She took dish towels, trim, embroidery thread—all donated by her Bible study and LIFE Group. She taught them how to simply thread a needle and embroider. Each person completed a dish towel and decorated washcloths with buttons and trim. In addition, she taught them how to make greeting cards, name bracelets, and cross necklaces.

"I was intrigued by the fact that they wanted to do their best, wanted me to approve," she said. "And [they] acted like little children when they had accomplished their project. The group leader told me that many of them probably had never had anything with their names on it or made anything like we had done."

According to Patty, the group planned a lunch and invited the Taylors to join them to say goodbye when their time had come to leave. She said, "They fed us, thanked us, hugged us, and gave us a card they all had signed.”

Ministry Impact
Patty said, "Most everyone whom we encountered impacted us. The humbleness of the people in the townships is hard to ignore. They so greatly appreciate whatever you do for them. The people generally are friendly and want to know about America."

Rodney spoke of his time and impact among the seminary students. He said, “I considered it a privilege to teach students who will be going out and impacting many others. It was a way that I could multiply my contribution to the kingdom of God many times over and over multiple generations.”

He also talked about the people who impacted him—his students. He said, “They are all so dedicated to their purpose in the kingdom and to leading the African continent to the Lord.  To them, one’s relationship with God is utmost, and they have dedicated themselves to preparing their heads, their hearts, and their hands to do the work to which God has called them."

Rodney said he was impressed by their willingness to lay it all out on the line for Jesus. Most attend seminary under extreme financial conditions. Some come from the townships where poverty is a way of life. But they do whatever it takes to break that cycle and get an education. 

He said, "They recognize that education is their ticket out of poverty, and they acknowledge that God has provided."

Leia Mais…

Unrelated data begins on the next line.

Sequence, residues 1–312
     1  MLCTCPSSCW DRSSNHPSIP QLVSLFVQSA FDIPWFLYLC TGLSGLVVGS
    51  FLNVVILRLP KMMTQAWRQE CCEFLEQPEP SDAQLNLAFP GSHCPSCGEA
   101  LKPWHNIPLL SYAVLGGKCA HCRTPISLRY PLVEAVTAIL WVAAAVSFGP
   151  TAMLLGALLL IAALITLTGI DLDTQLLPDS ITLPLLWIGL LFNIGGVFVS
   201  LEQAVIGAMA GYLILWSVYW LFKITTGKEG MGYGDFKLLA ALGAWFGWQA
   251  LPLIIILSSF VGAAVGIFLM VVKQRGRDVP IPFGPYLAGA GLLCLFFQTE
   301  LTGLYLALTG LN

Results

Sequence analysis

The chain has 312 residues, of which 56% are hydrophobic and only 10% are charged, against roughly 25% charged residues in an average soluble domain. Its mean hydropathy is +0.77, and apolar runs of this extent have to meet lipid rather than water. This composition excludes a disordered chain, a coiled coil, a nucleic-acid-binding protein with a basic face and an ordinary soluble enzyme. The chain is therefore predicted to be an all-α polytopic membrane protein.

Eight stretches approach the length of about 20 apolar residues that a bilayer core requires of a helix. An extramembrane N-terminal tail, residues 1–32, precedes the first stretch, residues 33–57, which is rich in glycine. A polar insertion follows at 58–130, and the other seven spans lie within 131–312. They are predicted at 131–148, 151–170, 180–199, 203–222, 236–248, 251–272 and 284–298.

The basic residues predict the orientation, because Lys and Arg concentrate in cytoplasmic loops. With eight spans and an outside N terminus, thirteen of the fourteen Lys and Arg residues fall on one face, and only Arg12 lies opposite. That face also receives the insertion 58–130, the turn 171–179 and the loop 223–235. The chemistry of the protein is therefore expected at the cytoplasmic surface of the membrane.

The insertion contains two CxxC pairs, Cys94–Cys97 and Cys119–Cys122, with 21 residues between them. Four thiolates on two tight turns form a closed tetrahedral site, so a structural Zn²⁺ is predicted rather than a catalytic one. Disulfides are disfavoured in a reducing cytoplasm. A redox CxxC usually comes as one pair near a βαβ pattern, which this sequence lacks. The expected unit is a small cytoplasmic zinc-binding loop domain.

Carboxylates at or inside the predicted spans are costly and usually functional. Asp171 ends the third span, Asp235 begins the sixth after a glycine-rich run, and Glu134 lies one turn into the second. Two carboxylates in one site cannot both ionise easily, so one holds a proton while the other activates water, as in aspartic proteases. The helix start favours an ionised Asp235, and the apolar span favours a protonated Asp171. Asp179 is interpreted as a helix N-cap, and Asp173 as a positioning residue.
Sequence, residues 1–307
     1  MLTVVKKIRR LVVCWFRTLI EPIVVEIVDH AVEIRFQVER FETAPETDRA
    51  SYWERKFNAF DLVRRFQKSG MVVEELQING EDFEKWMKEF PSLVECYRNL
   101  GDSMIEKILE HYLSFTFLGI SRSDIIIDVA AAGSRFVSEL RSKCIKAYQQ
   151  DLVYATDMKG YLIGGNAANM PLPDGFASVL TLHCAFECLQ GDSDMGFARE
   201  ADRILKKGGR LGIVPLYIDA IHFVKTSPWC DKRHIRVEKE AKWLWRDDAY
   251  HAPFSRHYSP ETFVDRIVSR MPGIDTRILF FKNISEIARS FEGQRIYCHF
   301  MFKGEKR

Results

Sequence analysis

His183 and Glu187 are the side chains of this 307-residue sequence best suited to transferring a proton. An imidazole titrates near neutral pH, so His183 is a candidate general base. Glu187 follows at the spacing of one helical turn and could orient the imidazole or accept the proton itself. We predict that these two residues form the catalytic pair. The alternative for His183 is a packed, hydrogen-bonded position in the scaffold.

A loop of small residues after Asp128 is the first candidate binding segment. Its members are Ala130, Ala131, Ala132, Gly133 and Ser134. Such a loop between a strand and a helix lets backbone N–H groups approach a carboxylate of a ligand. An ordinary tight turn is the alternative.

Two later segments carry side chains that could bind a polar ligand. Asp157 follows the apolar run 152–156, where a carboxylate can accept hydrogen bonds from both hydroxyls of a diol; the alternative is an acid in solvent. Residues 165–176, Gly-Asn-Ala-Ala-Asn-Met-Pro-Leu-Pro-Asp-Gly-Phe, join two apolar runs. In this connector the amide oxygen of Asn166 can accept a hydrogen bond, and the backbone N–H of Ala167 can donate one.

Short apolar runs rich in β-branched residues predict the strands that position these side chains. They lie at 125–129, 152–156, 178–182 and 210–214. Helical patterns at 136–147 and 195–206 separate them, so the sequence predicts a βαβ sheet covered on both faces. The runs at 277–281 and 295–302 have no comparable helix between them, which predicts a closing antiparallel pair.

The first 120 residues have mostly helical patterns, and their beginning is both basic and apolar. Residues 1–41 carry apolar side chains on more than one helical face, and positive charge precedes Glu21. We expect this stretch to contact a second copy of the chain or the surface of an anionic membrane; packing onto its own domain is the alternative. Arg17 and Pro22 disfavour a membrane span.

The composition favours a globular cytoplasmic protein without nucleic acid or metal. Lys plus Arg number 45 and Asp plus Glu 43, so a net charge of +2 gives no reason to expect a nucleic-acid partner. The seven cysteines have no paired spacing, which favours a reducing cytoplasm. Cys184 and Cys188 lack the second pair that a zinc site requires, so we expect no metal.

Tuesday, August 13, 2013

Medical Dental Unit sets sail on maiden voyage

By Kaylan Christopher, Staff Writer

On Friday, August 9, the new Medical Dental Unit left the church parking lot at 6:00 a.m. for the first national mission journey to East Tennessee, making stops in two of the area's poorest communities.

A team of 31 Kairos and Brentwood Baptist medical volunteers, including doctors, dentists, nurses, and hygienists, went to partner with Of One Accord Ministry. Together, they hosted two half-day clinics including dental services, health screenings, and activities for kids.

On Friday, they made their first stop in Sneedville, hosting a clinic from 2:00-7:00 p.m. 

Sharon Fairchild, Mission Journeys Minister, said, "When we got there, a man man drove up on his riding lawn mower and asked if we were pulling teeth. We told him to see if he could get on the list. … Later in the day, we had space, so he came back and we pulled seven teeth. He went home and came back again later on his mower to tell us 'thank you.'"

At dinner that night, the team talked with their waitress at a local diner, explaining to her why they were there. 

Amy Fairchild, Medical Dental Unit Coordinator, said, "She had some dental issues but didn't have insurance, so we invited her to the clinic the next morning. She was there at 8:00 a.m. and we were able to take care of her."

On Saturday, from 9:00 a.m. to 1:00 p.m., they set up shop in Of One Accord's parking lot in Rogersville.

There they provided scheduled dental services and health screenings, which consisted of a general health questionnaire plus glucose and blood pressure checks. Most of the patients didn't have access to a doctor or dentist, or didn't have funds for one.

Michael Vaughan, a Nashville-based dentist on the team, said, "The MDU let us minister to their spiritual and physical needs. We saw people in desperate conditions—experiencing pain, embarrassment, inability to chew their food. We were able to give each person a diagnosis and ideas for treatment. And we did as much dental work as possible."

For a pre-determined 150 kids in need, volunteers donated backpacks filled with school supplies, set up games and crafts, offered fluoride treatments, and handed out food boxes. And to all, they served up a free lunch.

One 6-year-old girl, Lilly, got her backpack then went to pick up her box of food from Tabitha Taylor, a Kairos volunteer, and asked if it was all for her. When Tabitha confirmed it was, Lilly said, "You mean I get to eat today?"